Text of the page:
After months of anticipation, Saint Maud was released in theaters last month by A24, and is now available to stream at home via Epix. Directed by Rose Glass, the unholy possession thriller tells the story of Maud, a newly devout hospice nurse who becomes obsessed with saving her dying patient’s soul as sinister forces and her own sinful past threaten to put an end to her holy calling.
In his first ever film score, composer Adam Janota Bzowski drew on his background in sound design to create a haunting atmosphere of dread, unease and tension. In its most sinister moments, Bzowski’s brilliant (and recently BAFTA-longlisted) score flickers and flashes alongside Maud’s descent into divine madness. In others, lush orchestral melodies soar above the earth in an ethereal, euphoric revelation. We recently sat down with Adam to discuss his scoring process and the inspirations that went into creating film’s soundscape.
This is your first ever film score…how did you get your start as a composer and musician and how did you come to score Saint Maud?
Sound itself has always been my primary fascination. Radio static, trains passing at night, echoing through the housing estates. The world is incredibly loud and I like to spend my time listening to it. I had been in and out of various bands trying to ‘make it’ whilst working as chef, until my good friend Zak convinced me to quit and pursue music full time, for which I am forever grateful. For a number of years I was doing adverts and sound design for media until a chance meeting at a party gave me the opportunity to score Saint Maud.
What was it like working with Director Rose Glass? Did she give you any reference points for what she wanted the score to sound like? How did you develop the sonic palette of the film from there?
Working with Rose was incredibly effortless and freeing. She gave me room to experiment whilst guiding me down the path that fitted with her vision. We were looking to accentuate the claustrophobic and suffocating tone of the story, as though we were inside the head of the protagonist, Maud. I had constructed a folder of noises, loops, drones and textures I called a ‘Colourbox’. From these, Rose and Mark Towns (the editor) had access to palette of original sounds to assist in the assembly of the film, which then formed the skeleton of the music cues I would later flesh out.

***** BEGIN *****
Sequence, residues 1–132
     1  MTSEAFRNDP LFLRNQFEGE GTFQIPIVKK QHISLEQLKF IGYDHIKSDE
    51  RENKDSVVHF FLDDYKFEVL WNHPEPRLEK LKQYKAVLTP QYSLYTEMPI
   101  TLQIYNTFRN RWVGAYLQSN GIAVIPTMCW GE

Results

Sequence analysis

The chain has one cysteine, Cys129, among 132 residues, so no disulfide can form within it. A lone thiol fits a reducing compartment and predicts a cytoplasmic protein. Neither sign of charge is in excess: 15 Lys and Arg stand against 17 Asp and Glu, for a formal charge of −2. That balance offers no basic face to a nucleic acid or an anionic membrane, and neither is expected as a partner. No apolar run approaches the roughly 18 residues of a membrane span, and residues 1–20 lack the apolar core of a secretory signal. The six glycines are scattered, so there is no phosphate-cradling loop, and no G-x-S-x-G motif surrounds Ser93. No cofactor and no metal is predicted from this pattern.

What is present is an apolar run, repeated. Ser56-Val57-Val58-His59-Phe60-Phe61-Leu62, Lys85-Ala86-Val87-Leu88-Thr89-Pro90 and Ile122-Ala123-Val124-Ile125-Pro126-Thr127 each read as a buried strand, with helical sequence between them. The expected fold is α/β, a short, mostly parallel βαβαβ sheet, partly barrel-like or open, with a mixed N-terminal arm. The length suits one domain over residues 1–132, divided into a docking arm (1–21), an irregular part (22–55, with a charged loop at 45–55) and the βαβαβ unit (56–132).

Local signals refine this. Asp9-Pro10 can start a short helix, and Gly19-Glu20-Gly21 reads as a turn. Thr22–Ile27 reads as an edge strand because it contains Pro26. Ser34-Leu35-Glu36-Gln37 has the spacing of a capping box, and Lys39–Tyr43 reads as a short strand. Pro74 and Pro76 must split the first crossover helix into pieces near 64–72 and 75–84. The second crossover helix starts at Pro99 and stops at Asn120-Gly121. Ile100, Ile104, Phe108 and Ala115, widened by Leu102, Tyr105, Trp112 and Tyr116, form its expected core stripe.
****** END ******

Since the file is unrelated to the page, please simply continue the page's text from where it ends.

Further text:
What was the most difficult part of your creative process while working on Saint Maud?
Creative burnout is a big obstacle for me. Being able to create on demand, to brief, to a deadline can be difficult thing to ‘switch on’, especially when working on a film for months at a time. There was one particular cue called “I Think It Went Well” that just wasn’t working, no matter how many version I had made. We ended up rewriting it completely at the last moment, even after it had done all the festival premieres. The new cue ended up being my favourite part of the soundtrack, all 56 seconds of it.
There’s a pulsating sense of unease and understated suspense throughout the film – are there certain instruments or techniques you used when recording?
I recorded a lot of acoustic instruments that I then heavily processed using cassette tape and guitar pedals. Most of the sounds used in the score are incredibly slowed down flutes or autoharps. It is a very easy technique to create textures that have a familiarity to them but sound very unique. We had the luxury of time so I spent many nights just recording and processing sounds, yielding hours and hours of material which then has to be sifted and refined till you reach those couple of seconds of something special. Sometimes you can sink a lot of time into it and get nothing worthwhile, plenty of trial with plenty of error.
There’s also a foreboding clicking or flickering noise you that recurs throughout and ends up working quite nicely as a foreshadowing device – how did that idea come about and how did you record that?
I’m glad you noticed this, it’s the closest I came to creating a refrain or recurring motif, which are obviously very common in most film scores. I walked round my studio with a drum stick and hit everything I could find, creating a library of individual percussive noises. Desks, chairs, shelves, picture frames, anything. Then through heavy processing I encountered this signature ‘click-clack’. It felt like something was straining inside Maud’s head, ready to snap – or a light switch turning off her restraint.
The film’s final credit song and title track, “Saint Maud” has a much different, almost revelatory mood than the rest of the score – can you tell us a little about your vision for that track?
This piece was part of an album I was writing before I landed the Saint Maud job. It was a record inspired by grimoires and the occult, with each track being named after a different spectre, spirit or demon. Unfortunately it had been rejected by the record label for theological reasons, so was just collecting dust. It seemed a shame to go to waste so I pitched it to Rose who loved it. Ending on the cues tender sadness works as a good antidote to all the films intensity.
Now that you have your first film score out in the world, what’s next for you? What sorts of projects are you interested in?
Here Before (dir. Stacey Gregg) was finished summer of 2020 so eyes peeled for when that gets released. Currently I am working on a horror film set in 43000 BC called The Origin (dir. Andrew Cumming), which is sure to be harrowing.
I would love a chance to explore more melodic work, regardless of genre. Scoring for ensembles has always been a key goal, so I may attempt that for a solo record if I find the time. My tastes are extremely varied so I am open to most projects as long as the story is right. I recently watched Walk Hard: The Dewey Cox Story – writing pastiche pop songs seems like it would be a lot of fun.